By Erik Gruenwedel | Posted: 28 Jan 2009
Knocking Blockbuster Inc. as a 1980s brand that has overstayed its relevance in home entertainment is a common occurrence among some members of the media and on Wall Street.
Now, Rich Smith, analyst with online multimedia financial services site The Motley Fool, has gone one step further and declared the Dallas-based No. 1 DVD rental service the worst stock of 2009.
Specifically, Smith said Blockbuster, in addition to not generating a penny in real profit over the past seven quarters, has about $100 million in available cash and faces $615 million in long-term debt, including $200 million due this year.
Blockbuster was saddled with about $1 billion in debt when former parent Viacom Inc. kicked it to the curb in 2004. It has been trying to pay down that debt ever since.
The analyst said despite attempting to position itself to consumers as a one-stop convenience store for all things home entertainment, Blockbuster is diverting about 50% of its operating profit to pay creditors.
“It seems to me that Blockbuster will have to roll over a big chunk of debt this year,” Smith wrote. “And if you haven't noticed, banks aren't particularly eager to lend hundred-million-dollar sums right now, which leads me to believe that Blockbuster is facing a liquidity crisis.
Not so fast said Arvind Bhatia, analyst with Dallas-based Sterne Agee who covers Blockbuster.
Bhatia agreed there are risks for Blockbuster satisfying its working capital needs, a burden the analyst said nearly every industry is facing in the current economy.
He said Blockbuster’s long-term debt isn’t due for years, and ongoing cost-cutting efforts are sufficient to supply the chain with required liquidity. Bhatia said the company has alternative financing (at undesirable rates) in place — despite the credit freeze — should the need become acute.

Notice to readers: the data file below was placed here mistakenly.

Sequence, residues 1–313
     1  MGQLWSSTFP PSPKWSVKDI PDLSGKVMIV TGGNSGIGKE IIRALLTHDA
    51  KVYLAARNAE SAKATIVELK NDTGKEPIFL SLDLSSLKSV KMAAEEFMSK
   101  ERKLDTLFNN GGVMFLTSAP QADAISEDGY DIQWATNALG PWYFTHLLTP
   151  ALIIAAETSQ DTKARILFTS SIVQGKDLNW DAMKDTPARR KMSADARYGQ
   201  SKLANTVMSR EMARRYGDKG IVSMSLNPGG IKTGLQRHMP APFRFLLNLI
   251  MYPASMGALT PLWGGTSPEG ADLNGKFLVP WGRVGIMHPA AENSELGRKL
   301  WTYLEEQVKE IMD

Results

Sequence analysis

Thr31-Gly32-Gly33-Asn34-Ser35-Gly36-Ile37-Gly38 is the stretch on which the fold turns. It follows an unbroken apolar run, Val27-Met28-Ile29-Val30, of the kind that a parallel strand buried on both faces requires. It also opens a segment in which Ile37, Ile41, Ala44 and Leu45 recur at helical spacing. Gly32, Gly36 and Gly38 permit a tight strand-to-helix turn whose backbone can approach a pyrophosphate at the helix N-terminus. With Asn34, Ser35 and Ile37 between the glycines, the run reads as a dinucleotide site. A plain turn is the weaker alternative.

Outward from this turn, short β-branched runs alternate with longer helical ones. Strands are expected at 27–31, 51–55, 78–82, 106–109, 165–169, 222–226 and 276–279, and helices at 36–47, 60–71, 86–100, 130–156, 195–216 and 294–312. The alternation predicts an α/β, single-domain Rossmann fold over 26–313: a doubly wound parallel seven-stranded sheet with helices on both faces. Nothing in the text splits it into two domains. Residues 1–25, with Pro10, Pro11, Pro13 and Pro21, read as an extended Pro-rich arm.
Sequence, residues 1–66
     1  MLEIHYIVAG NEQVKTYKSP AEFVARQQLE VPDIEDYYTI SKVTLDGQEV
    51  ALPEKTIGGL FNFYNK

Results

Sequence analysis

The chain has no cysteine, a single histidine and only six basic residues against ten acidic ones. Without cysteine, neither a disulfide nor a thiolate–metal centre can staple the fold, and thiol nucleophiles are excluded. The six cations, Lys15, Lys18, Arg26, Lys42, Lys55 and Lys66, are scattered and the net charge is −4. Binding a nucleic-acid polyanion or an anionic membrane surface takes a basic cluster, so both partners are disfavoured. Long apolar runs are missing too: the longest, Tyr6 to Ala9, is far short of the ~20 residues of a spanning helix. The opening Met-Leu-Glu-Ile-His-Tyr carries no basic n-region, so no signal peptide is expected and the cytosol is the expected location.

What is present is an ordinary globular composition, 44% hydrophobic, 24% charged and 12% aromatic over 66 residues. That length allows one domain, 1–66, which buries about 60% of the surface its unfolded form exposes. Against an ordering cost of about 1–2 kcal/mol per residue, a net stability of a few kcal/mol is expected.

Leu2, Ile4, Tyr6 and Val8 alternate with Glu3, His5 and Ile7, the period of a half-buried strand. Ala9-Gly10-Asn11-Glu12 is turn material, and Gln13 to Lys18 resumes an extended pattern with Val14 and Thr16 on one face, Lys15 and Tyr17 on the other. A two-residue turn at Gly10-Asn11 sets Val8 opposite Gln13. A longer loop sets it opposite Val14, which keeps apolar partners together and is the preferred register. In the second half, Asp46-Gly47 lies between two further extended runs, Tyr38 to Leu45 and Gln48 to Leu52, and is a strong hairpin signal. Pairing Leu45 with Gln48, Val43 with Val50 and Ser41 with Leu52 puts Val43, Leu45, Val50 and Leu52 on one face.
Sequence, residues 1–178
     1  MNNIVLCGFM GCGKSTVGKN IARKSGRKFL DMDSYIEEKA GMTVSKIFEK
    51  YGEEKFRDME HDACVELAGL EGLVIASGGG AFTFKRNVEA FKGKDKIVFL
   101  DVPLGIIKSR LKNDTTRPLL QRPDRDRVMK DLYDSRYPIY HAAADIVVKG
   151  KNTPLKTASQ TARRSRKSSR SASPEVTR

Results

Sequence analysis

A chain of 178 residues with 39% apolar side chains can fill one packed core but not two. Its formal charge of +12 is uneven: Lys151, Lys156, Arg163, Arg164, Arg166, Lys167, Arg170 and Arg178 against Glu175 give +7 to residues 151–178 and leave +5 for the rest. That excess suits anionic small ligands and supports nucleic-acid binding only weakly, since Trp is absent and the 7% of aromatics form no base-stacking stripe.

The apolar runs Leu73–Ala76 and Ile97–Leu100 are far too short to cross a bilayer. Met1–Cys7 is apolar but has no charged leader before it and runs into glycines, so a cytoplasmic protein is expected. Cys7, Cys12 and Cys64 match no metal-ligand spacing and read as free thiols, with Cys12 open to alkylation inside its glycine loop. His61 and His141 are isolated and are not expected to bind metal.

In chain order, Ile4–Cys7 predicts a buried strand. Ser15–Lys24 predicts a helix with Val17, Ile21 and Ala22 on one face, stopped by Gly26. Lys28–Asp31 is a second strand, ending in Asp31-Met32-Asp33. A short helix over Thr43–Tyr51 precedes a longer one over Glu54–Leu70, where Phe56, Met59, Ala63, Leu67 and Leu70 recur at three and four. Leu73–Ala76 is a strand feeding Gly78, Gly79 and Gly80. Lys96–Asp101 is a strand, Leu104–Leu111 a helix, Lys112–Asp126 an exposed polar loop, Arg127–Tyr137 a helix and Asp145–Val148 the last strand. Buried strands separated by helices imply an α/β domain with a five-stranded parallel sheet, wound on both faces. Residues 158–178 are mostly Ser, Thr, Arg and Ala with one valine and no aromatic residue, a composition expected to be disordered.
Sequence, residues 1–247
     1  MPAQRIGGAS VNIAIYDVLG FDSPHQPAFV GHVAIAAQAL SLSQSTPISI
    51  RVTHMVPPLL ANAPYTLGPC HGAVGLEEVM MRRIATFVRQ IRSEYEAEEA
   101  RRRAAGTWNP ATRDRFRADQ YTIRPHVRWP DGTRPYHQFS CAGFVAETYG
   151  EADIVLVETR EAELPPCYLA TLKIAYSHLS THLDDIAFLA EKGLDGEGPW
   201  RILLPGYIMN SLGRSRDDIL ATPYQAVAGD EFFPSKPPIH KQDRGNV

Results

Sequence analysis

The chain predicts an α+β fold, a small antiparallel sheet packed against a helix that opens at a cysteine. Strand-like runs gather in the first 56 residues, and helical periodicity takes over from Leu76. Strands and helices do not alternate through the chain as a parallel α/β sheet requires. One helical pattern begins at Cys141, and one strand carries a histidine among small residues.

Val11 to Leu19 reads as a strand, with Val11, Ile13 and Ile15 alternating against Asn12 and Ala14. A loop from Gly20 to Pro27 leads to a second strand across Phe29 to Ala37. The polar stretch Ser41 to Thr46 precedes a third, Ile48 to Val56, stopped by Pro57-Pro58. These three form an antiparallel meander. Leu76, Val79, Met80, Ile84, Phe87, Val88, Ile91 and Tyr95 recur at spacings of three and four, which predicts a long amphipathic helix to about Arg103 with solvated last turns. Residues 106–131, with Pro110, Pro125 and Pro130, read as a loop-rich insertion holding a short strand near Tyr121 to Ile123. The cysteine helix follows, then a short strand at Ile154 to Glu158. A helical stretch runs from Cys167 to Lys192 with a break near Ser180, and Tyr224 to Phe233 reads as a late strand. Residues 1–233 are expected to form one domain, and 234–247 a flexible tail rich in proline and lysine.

The analyst added that with infamous renegade investor Carl Icahn on the board, Blockbuster has an ace in place for the mean streets of Wall Street.
“I can’t imagine in the very least that he wouldn’t give them a working capital line, considering he was back shopping them for a $1 billion Circuit City deal,” Bhatia said. “We think they will come out fine.”
Edward Woo, research analyst with Wedbush Morgan Securities in Los Angeles, concurred that Blockbuster faces the same challenges nearly every company and industry does: surviving in a credit-absent environment.
“Their recent positive performance shows that … things won’t be [so] bad that they will go out of business in the near term or this year,” Woo said.
Bhatia said given Netflix’s impressive quarterly results Jan. 26, the DVD rental business is sound.
“It’s telling that the DVD rental category is still robust,” he said. “Blockbuster is obviously not emphasizing the by-mail business, and Netflix took some customers from them. The category still has to be performing for Netflix to do well. The fact they have nearly 10 million customers shows that people are still renting DVDs.”
Blockbuster is slated to present Feb. 2 at an investor conference in Miami.